The expert committee led by Lieutenant General (retd.) D.B. Shekatkar has recently submitted its report to the Defence Minister. The committee, composed mostly of retired senior military officers, was appointed in May 2016 and was tasked with looking at “Enhancing Combat Capability and Rebalancing Defence Expenditure”. Among its many recommendations is the appointment of a single-point military adviser to the Defence Minister. Since Manohar Parrikar has already spoken of his desire to move in this direction, the recommendations of the Shekatkar committee assume greater importance.
The committee has reportedly recommended the new post should be a four-star appointment – equivalent to those of the service chiefs. This top four-star officer is envisaged as a coordinator, who will not impinge on the operation or administrative functions of the military chiefs. The creation of such a post should be accompanied by the integration of the service headquarters with the Ministry of Defence. However, the committee has apparently recommended against integrating the three services into joint commands. This is seen as an American model tailored for expeditionary role rather than homeland defence and hence unsuitable for the Indian context.
While the committee’s recommendations are well-intentioned and such reforms long overdue, the proposed institutional design is deeply problematic.
The idea itself is hardly new. The Group of Ministers (GoM) following the Kargil Review Committee called for the appointment of a Chief of Defence Staff (CDS) as a single-point military adviser to the Defence Minister. This stemmed from the lack of integrated planning and operations between the services during the Kargil War. In fact, this is a problem that has plagued the armed forces in every conflict since 1947. The appointment of a CDS was expected to usher in top-down integration among the services and better coordination between the services and the government.
The Vajpayee government created a new joint headquarters of the Integrated Defence Staff (HQ IDS). But it baulked at appointing a CDS and instead appointed a Chief of Integrated Defence Staff who would run the HQ IDS until the CDS was appointed. This half-baked solution persists to date. In fairness, HQ IDS has managed to bring a degree of coherence to issues like procurement and joint doctrine. But this is hardly adequate. More importantly, it has allowed the political leadership to perpetuate an illusion of reforms while continuing to resist the appointment of the CDS.
Then again, in the early years after the GoM report, the services themselves were a divided house on this question. In particular, the air force resisted the creation of a CDS – apparently on the grounds that it would pave the way for institutional domination by the army. This came handy to political leaders and bureaucrats in deflecting questions about their own unwillingness to institutionalise the system. Towards the end of the UPA-II government, the three service chiefs jointly wrote to the prime minister expressing support for the creation of a CDS.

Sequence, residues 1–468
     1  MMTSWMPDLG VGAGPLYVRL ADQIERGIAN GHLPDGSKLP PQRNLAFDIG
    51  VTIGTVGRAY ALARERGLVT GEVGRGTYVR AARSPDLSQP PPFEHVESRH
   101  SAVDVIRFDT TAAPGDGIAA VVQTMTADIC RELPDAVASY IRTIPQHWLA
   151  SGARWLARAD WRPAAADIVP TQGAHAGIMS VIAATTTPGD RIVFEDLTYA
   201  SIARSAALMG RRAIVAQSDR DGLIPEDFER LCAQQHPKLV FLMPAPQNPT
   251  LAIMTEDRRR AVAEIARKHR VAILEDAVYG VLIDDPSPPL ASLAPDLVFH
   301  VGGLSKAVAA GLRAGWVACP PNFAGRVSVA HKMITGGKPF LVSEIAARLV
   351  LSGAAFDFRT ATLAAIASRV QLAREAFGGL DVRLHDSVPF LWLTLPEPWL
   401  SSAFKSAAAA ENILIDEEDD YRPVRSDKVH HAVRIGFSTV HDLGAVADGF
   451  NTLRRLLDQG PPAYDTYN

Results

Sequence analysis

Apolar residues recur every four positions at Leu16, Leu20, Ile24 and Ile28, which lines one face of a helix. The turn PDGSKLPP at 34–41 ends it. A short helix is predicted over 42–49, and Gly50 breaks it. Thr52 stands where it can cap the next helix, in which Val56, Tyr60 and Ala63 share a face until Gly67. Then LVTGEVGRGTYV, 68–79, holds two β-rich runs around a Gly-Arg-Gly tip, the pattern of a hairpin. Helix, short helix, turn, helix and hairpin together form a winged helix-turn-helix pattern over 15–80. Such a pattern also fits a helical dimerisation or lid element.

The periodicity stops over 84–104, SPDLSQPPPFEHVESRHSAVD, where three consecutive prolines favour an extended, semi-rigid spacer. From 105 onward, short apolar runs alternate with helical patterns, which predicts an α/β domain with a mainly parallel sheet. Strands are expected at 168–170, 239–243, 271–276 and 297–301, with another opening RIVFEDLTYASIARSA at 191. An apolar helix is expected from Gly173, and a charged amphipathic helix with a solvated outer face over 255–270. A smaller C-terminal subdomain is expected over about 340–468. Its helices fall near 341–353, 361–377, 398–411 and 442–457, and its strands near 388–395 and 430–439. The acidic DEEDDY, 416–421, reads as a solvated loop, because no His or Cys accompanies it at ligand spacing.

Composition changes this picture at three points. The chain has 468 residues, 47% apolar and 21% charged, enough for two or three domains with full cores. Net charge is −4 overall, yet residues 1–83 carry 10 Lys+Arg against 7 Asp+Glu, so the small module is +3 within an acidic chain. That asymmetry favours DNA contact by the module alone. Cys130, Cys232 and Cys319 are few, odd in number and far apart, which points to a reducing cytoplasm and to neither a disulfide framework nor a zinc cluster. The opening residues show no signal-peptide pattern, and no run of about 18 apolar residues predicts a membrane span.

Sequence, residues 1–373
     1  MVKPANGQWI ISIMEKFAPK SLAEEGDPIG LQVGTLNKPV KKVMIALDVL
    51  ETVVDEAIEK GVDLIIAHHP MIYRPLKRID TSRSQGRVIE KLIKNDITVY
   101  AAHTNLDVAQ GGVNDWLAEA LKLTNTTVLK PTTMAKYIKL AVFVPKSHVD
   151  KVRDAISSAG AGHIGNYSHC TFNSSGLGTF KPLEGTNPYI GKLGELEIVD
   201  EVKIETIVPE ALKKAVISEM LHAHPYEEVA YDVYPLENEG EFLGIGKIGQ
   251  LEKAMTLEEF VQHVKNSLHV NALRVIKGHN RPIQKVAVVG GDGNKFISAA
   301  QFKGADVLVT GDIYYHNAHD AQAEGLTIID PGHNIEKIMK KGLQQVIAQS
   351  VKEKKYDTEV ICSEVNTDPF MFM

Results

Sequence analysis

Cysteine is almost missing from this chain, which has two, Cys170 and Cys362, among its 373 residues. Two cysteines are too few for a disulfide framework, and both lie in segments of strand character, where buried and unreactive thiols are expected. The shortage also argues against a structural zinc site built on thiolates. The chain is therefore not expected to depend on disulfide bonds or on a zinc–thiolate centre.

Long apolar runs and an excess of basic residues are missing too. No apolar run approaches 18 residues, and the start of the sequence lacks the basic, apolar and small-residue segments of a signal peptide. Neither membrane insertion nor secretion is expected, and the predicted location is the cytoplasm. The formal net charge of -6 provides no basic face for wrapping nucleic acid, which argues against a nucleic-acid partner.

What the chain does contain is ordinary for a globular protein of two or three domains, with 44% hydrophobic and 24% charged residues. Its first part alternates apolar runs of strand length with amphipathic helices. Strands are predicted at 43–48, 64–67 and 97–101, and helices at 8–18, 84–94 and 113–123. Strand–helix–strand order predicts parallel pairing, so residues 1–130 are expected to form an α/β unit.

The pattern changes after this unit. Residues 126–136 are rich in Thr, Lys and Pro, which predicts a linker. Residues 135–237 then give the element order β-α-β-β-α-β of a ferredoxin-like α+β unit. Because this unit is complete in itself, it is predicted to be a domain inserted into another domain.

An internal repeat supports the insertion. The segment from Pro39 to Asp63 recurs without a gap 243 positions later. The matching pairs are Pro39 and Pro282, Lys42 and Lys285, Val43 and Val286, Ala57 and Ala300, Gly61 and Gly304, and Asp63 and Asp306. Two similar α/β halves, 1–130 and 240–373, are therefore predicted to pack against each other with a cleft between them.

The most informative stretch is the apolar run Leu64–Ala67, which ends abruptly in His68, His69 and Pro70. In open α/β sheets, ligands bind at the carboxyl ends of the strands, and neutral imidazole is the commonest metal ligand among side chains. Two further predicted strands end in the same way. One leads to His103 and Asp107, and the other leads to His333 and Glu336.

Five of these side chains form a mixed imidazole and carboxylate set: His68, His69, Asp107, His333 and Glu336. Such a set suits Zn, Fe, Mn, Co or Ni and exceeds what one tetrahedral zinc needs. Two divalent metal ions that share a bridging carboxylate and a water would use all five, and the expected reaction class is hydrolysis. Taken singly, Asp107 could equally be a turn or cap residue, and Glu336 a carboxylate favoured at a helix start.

Meanwhile, the government had appointed another committee led by Naresh Chandra to examine why the GoM’s recommendations of were not fully implemented and to suggest a new road map for national security reforms. This committee suggested that instead of a full-fledged CDS, the government appoint a permanent Chairman of the Chiefs of Staff Committee with a fixed tenure. By giving the chairman a fixed term of, say, two-years, it was hoped that he would have enough time to work on key issues of integration between the services. Now the Shekatkar committee has come up with another halfway house.
Any institutional solution along these lines is unlikely to deliver the necessary levels of integration. If the CDS does not outrank the service chiefs, then his ability to function as the single-point military adviser to the government will be undoubtedly circumscribed. At best, it will amount to an incremental improvement on the existing HQ IDS. Worse still, it will yet again create the illusion of progress and delay real reforms for years at end. The idea that such reforms should be imposed gradually or piecemeal is seriously mistaken. In most countries that have achieved institutional integration, the process has been driven politically from on high.
The CDS must be empowered fully. There should be no doubt about his being superior in the chain of command to the service chiefs. The appointment should be followed by the setting up of integrated theatre commands. For starters, the supply and logistics commands could be integrated. The claim that such theatre commands is only required for expeditionary forces is specious. It is an indispensable prerequisite for ensuring “jointness” in war fighting. Simultaneously, the service chiefs should prepare to relinquish operational control over the services and become what their titles suggest: chiefs of staff, primarily responsible for raising, equipping and training of the forces. The chain of operational command should run from the Defence Minister through the CDS to the integrated theatre commanders.
The advocates of compromise solutions miss the point that something is not always better than nothing. As the case of HQ IDS shows the half-life of such institutional short-cuts tends to be very long. More worryingly, it helps anaesthetise the system and masks need for real reform. Enhancing the combat capability and effectiveness requires full-blooded measures. It would be sad if the government perpetuates or aggravates the problem by using palliatives. It would sadder still, if the government were forced to consider real reform by another external crisis.
Srinath Raghavan is senior fellow, Centre for Policy Research, New Delhi
The views expressed are personal